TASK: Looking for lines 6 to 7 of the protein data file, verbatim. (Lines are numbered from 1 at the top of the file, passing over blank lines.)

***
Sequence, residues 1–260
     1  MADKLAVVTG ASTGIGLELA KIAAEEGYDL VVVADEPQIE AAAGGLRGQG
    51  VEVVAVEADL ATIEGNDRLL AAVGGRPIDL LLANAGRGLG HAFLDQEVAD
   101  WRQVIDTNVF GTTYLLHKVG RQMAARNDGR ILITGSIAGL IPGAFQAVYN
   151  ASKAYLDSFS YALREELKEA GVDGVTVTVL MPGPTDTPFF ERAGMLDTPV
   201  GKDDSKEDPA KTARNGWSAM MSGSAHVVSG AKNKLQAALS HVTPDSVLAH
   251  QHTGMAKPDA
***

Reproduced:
   201  GKDDSKEDPA KTARNGWSAM MSGSAHVVSG AKNKLQAALS HVTPDSVLAH
   251  QHTGMAKPDA